A staph infection is an illness caused by a common bacteria. It may cause a simple skin infection or lead to an infection in the bloodstream or major organs. Staph infections may be:
The bacteria that cause staph infections can often be found on the skin. An infection develops when the bacteria enters the body through a break in the skin. The bacteria may only affect local skin tissue or can enter the bloodstream. Once in the blood, it can pass to other areas of the body such as the heart, bones, or joints.
Copyright © Nucleus Medical Media, Inc.
An open wound in your skin increases your risk of infection. This includes minor cuts, punctures, scrapes or surgical wounds.
Other factors that can increase your chance of general infection include:
Symptoms will depend on the location of the infection and if the infection has spread.
An infection in the skin may create an area with:
You may also have a fever and drainage/pus or crusting at the site.
Infections that have spread to other areas of the body may cause:
Your doctor will ask about your symptoms and past health. The infected area will be examined. Your doctor may suspect a staph infection based on the exam. A sample of the affected area may also be taken and sent to a lab. The lab will be able to confirm the specific type of bacteria causing the problem.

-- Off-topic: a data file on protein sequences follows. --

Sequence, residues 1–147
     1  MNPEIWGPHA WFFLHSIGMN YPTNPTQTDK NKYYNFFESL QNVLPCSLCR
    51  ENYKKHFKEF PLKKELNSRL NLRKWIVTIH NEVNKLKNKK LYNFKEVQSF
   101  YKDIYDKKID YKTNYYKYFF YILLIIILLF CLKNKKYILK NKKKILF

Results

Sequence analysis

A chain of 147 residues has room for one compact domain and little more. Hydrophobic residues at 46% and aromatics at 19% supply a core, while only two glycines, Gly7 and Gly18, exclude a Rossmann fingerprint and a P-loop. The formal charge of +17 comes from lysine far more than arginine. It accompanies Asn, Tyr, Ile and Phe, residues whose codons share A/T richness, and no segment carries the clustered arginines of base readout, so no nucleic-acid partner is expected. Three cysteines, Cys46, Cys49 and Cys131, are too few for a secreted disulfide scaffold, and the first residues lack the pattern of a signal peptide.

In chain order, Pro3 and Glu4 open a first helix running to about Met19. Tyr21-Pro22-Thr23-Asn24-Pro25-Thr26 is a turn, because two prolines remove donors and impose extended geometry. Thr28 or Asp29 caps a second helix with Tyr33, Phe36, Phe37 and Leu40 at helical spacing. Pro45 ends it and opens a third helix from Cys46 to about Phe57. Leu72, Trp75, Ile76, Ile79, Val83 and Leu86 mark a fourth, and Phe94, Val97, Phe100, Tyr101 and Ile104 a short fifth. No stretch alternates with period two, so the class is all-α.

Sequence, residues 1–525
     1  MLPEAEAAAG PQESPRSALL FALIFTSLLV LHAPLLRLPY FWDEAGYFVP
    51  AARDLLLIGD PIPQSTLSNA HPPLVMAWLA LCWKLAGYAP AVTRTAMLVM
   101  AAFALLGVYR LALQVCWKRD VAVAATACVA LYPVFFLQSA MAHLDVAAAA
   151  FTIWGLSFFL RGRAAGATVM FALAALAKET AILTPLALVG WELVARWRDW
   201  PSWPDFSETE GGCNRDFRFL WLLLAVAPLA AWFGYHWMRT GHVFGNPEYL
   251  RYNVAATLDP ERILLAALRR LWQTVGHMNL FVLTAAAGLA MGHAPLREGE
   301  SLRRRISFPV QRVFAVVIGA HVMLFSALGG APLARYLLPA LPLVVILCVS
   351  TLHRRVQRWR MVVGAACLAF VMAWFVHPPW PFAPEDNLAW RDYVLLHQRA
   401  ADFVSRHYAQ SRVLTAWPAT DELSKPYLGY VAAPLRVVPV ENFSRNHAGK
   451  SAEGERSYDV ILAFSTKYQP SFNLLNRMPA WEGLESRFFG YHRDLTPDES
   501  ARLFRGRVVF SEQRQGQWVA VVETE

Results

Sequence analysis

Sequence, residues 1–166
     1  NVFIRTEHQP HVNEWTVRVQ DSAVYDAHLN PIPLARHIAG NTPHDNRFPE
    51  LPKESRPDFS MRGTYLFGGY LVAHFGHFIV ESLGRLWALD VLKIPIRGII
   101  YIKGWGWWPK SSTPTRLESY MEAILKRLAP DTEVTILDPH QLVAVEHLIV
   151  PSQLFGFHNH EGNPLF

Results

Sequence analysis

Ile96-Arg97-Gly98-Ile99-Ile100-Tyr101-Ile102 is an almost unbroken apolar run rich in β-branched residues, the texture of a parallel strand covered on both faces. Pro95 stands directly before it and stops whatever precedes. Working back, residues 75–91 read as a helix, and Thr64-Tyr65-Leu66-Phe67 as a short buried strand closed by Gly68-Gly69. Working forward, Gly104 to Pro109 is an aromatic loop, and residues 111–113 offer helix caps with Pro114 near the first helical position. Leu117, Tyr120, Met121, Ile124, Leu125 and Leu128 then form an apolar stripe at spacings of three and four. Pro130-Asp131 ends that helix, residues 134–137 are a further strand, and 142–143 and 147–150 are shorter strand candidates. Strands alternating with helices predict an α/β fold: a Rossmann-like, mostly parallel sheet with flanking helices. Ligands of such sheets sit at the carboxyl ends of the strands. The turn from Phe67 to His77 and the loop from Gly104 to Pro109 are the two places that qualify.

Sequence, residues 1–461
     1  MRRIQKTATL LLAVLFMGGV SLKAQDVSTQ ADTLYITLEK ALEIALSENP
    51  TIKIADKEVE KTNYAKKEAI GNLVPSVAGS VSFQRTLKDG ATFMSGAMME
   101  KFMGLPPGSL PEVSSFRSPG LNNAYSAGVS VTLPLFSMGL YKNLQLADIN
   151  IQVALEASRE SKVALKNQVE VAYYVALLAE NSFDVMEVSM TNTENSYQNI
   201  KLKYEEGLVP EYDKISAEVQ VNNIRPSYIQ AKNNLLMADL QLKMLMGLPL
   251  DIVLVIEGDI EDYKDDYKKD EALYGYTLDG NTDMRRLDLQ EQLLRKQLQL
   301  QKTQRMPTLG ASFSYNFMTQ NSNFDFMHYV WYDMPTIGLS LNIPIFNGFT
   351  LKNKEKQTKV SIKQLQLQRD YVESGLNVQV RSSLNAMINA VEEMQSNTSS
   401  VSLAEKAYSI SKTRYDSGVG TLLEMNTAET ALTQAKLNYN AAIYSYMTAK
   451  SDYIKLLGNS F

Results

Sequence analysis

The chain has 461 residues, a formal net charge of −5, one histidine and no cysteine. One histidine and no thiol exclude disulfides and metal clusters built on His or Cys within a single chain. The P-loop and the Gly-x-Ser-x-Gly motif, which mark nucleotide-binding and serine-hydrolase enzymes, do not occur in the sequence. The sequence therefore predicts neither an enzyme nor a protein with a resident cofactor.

Treatment will be based on the specific infection and your overall health. One or more of the following may be needed:
Drainage from the wound is very contagious. It can spread the infection to others.
To help reduce the chance of a staph infection:
Centers for Disease Control and Prevention
National Institute of Allergy and Infectious Diseases
Public Health Agency of Canada
Methicillin-resistant Staphylococcus aureus (MRSA) infection. EBSCO DynaMed Plus website. Available at:http://www.dynamed.com/topics/dmp~AN~T189788/Methicillin-resistant-Staphylococcus-aureus-MRSA. Updated May 21, 2019. Accessed October 2, 2019.
Staph infections. Kids Health—Nemours Foundation website. Available at: http://kidshealth.org/en/teens/staph.html. Updated June 2014. Accessed October 2, 2019.
Staphylococcus aureus. Minnesota Department of Health website. Available at: http://www.health.state.mn.us/divs/idepc/diseases/staph/index.html. Accessed October 2, 2019.
Last reviewed October 2019 by David L. Horn, MD, FACP Last Updated: 5/1/2020